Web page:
Producers Robert Fyvolent and David Dinerstein have announced the start of production on Black Woodstock, a feature documentary about the Harlem Cultural Festival directed by Ahmir “Questlove” Thompson.
This film marks Thompson’s feature directorial debut and focuses on the 1969 outdoor festival in Harlem’s Mount Morris Park. The festival featured dozens of extraordinary performances by artists including Stevie Wonder, Sly and the Family Stone, Nina Simone, B.B. King, the Staple Singers, the 5th Dimension, David Ruffin, Mahalia Jackson and Gladys Knight and the Pips.
The Harlem Cultural Festival took place the same summer as the famed Woodstock festival, and boasted an attendance on par with that concert 100 miles away. Over 300,000 people attended, yet it received virtually no coverage from the mainstream media. The 40 hours of never-seen-before footage was originally shot by the late television pioneer Hal Tulchin, but has remained in storage for the past 50 years, keeping this incredible event in America’s history lost – until now.
“I am truly excited to help bring the passion, the story and the music of the Harlem Cultural Festival to audiences around the world,” said Ahmir “Questlove” Thompson. “The performances are extraordinary. I was stunned when I saw the lost footage for the first time. It’s incredible to look at 50 years of history that’s never been told, and I’m eager and humbled to tell that story.”
Producers Fyvolent and Dinerstein (Cries From Syria; Winter On Fire: Ukraine’s Fight For Freedom) have tapped the award-winning RadicalMedia (What Happened, Miss Simone?) as creative and production partners, with Jon Kamen and Dave Sirulnick serving as executive producers. The film is co-produced by Vulcan Productions. Concordia Studio, Play/Action Pictures and Beth Hubbard will also serve as executive producers. Joseph Patel will serve as a producer with Joshua L. Pearson (What Happened, Miss Simone?) on board as editor and Randall Poster (Grand Budapest Hotel ) as the music supervisor.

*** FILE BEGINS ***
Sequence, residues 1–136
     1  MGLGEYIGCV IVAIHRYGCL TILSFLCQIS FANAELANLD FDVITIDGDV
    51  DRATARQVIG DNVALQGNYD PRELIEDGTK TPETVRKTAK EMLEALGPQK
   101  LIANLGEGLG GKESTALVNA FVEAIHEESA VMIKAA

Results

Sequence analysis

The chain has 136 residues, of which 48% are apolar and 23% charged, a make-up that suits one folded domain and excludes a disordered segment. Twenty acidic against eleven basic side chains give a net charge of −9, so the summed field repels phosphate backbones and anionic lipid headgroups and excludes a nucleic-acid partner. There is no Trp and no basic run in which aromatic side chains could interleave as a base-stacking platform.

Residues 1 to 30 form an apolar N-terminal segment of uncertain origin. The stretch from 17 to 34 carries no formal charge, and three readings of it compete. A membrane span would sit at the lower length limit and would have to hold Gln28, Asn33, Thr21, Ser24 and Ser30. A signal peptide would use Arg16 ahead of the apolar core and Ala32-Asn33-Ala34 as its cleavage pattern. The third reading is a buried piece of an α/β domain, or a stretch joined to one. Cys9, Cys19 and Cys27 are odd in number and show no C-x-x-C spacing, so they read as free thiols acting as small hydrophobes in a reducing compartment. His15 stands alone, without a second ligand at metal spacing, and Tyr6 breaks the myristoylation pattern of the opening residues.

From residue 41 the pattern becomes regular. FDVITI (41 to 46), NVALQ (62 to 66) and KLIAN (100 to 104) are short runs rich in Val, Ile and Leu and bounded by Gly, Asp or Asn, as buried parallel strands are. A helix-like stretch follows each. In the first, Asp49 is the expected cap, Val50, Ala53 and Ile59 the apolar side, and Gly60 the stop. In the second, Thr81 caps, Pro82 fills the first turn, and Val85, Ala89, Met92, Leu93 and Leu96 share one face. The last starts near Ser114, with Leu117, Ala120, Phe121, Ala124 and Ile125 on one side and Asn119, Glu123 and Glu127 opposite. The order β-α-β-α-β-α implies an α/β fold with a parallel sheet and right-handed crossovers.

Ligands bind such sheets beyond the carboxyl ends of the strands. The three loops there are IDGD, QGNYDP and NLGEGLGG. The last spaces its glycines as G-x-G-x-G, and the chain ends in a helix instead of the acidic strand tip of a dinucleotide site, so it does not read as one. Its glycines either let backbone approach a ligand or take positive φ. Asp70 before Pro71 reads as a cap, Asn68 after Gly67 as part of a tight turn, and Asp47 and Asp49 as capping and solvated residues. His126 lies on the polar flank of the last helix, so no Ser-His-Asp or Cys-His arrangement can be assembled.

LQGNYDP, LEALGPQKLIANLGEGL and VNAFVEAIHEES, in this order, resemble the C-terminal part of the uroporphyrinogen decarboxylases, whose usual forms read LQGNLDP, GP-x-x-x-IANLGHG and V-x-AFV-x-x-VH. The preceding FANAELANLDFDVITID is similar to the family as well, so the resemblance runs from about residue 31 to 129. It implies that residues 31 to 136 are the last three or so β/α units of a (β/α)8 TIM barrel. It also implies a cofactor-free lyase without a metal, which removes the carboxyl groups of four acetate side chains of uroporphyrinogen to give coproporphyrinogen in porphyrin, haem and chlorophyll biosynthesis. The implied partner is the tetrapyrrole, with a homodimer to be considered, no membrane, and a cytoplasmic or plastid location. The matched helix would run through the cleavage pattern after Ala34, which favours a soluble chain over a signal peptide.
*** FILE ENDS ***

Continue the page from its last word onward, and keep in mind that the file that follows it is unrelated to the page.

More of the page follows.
“The music and performances in Black Woodstock will knock audiences out of their seats,” said producers David Dinerstein and Robert Fyvolent. “The footage is unusually rich in texture and feel. We are so proud to be working alongside Ahmir “Questlove” Thompson on his directorial debut. We are confident he will bring an authenticity and unique vision to the film. We are thrilled to partner with some of the best people and organizations working in the documentary space today including Vulcan Productions, Concordia Studio, Play/Action Pictures and RadicalMedia.”
The 1969 Harlem Cultural Festival came to be known as “Black Woodstock” by local Harlem residents. It was organized and produced by Tony Lawrence who also served as the master of ceremonies. The idea behind this festival, which took place one year after the death of Dr. Martin Luther King Jr, was to celebrate African American music, culture and politics, and to promote black pride and unity. While young white America was defining itself as the Woodstock generation, young black America was finding its own voice. Over six consecutive weekends, the legendary 1969 Harlem Cultural Festival captured a community in transition. Sly Stone and Stevie Wonder were bursting with youthful vitality and a young Jesse Jackson delivered hard-hitting sermons. Some of the most influential black performers from R&B, soul, pop, jazz, latin, gospel, and stand-up comedy all shared the stage. The musicianship was top notch. The range of performances presented by the festival is a time capsule of African-American entertainment.